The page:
Together Beyond WordsEmpowering Women and Promoting Peace

The Courage to Be a Woman with a Voice

''You ask me to speak. How shall I speak when I have been taught silence since birth? I have been taught silence in my parents' house, in my own house; I have taught silence to my daughter. I have forgotten the sound of my voice. I have forgotten I have a voice.''          -- Sylvia Margia


''Please come and help me gather the women. We have to do something about the situation…'' My Druze friend Samira (not her real name) called to ask me last week.

Samira lives in a picturesque Druze village located on the slopes of the Zvul mountain in the Upper Galilee. Almost 6000 people, mostly Druze, whose ancestors came in the 16th century from what is now Lebanon, reside in the village today.

Just last week at 2AM in the morning an Israeli military ambulance passed through Hurfeish. It was carrying Syrians wounded in the fighting near the Israeli - Syrian border who sought medical help from Israel and were being transported to the Nahariyah Hospital. They were ambushed in the village because the local Druze wanted to check if the wounded Syrians were ones who had been fighting against their Druze brethren in Syria. The ambulance was stoned and managed to escape.  Luckily no one was hurt.

Fear and anger have been growing in the village because of the news about ISIS victories and their horrible deeds towards the Druze and other religious communities. This fear has led many to turn to their religion for protection. What this means for the women is that they are pressured to go back to wearing the traditional Druze garb, to cover their faces, to stop driving and stay mainly in their homes within the village. But some of the women, who are educated and have worked outside their homes and driven for several years, are trying to change the situation.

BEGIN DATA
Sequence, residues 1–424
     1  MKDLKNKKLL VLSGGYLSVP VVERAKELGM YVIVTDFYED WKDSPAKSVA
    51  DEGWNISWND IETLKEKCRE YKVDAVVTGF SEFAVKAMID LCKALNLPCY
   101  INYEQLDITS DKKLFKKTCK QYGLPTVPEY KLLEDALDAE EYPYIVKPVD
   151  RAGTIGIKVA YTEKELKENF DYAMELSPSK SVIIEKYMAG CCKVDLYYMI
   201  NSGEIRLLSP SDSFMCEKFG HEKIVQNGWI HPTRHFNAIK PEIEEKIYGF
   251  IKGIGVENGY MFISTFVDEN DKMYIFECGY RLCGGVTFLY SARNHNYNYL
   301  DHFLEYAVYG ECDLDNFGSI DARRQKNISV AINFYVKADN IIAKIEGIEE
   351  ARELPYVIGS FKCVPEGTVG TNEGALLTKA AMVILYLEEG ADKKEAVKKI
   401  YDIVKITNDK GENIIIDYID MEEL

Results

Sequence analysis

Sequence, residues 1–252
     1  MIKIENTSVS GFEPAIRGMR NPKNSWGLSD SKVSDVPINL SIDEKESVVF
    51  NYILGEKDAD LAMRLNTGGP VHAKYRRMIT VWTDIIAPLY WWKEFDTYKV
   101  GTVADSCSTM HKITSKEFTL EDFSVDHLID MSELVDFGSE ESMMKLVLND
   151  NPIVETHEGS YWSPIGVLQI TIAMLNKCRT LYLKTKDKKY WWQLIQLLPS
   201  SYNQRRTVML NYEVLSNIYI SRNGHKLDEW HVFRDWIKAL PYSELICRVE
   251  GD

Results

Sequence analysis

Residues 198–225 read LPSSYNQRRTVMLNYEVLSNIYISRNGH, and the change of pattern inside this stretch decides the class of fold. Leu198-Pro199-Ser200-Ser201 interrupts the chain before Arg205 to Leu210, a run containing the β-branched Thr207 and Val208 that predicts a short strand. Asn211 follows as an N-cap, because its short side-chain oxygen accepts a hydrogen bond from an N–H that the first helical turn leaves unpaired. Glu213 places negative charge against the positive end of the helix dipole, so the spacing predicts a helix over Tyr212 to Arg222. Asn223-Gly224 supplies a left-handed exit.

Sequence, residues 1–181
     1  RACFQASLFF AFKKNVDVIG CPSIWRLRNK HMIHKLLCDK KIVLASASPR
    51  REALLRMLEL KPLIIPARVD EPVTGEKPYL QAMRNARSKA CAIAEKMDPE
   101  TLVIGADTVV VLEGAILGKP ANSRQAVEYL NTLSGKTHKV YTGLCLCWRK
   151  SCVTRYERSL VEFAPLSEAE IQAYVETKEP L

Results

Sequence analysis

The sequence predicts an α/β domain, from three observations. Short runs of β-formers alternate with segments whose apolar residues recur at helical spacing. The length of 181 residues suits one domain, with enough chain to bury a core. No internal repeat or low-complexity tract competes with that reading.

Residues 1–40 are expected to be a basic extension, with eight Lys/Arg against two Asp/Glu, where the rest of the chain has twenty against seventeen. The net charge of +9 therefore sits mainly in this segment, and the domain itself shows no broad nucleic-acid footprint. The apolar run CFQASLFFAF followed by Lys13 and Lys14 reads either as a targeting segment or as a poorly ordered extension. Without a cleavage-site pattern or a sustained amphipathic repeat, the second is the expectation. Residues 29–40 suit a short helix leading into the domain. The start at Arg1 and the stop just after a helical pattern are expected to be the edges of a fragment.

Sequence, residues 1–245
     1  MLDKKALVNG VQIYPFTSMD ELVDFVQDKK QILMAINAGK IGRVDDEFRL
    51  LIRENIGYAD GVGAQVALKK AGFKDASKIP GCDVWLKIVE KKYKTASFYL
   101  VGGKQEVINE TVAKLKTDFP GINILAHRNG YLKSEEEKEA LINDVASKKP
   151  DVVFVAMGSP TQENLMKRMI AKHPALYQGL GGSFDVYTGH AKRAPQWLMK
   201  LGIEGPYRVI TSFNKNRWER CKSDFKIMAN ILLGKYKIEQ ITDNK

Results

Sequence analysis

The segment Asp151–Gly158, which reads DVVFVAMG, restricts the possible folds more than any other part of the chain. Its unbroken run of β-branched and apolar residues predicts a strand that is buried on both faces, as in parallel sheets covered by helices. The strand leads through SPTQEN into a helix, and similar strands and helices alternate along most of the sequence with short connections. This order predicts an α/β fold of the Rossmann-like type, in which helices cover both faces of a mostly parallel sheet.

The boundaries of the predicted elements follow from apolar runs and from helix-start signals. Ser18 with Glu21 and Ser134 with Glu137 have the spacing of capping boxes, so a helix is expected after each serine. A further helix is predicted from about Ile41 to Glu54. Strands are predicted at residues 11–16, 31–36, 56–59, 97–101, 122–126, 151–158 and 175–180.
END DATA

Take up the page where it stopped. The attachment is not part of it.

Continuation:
This is a challenging task because the village is a tight knit society with a great deal of family involvement in each other's lives to make sure the tradition is upheld and no one steps too far outside the social norms. If a woman rebels quite often the weapon of shunning is used to pressure her to ''behave''.

On a sunny morning in late June, we drove up the winding road to Samira's house located in the midst of an olive grove and a fruit orchard on the edge of the village. In the beautiful house we sat in one of the three living rooms with four other women Samira had invited. All professional women who years ago when the atmosphere had been more open, studied for their Bachelor's and even their Masters Degrees in a variety of professions including Art and Drama Therapy, Law and Education.
When we asked them to share a bit about themselves we were not prepared for the torrent of painful stories that flowed into the room from some hidden inner river whose dam had burst.

Waking up each day to see that another woman had become ultra religious and covered her face, the constant pressure especially from other women, to conform and return to their religion by the time they reach a certain age, the pressure not to drive outside the village or not to drive at all. Samira even shared that as a young girl of four growing up in the village she tried to pee while standing up like her five year old brother because she also wanted to be a boy. Her mother chastised her repeating the rhyme she would hear over and over throughout her childhood: ''Boys as a species are blessed while girls we should eradicate.''

Deeply empathizing with their sense of injustice, my first instinct was to tell them what I think they should do, offer solutions, but almost immediately I realized I had no idea what they could do. I had never lived in that society and even though I had passed through the village hundreds of times on my way to other parts of the Upper Galilee, I did not actually stop in all those years in the village to have a heart to heart dialogue with anyone. I was clueless.

Yet somehow they sensed they could talk with us about things they never shared anywhere else and soon I realized that this was the key, the same as it had always been. Our role was not to offer quick solutions, to try and save people from whatever they were going through. No, we had a different role. Our role was and is to support the creation of Safe Havens:  places of safety, support and caring where nothing had to be hidden, where everything could be felt and shared.  Our shame, anger, disappointment, mistrust and our longing for love, would all be welcome. Once we no longer had to stuff down all these feelings, no longer needed to expand our psychic energy hiding them, we could use that energy to strengthen our voices, speak out and change the situation.

Nitsan Joy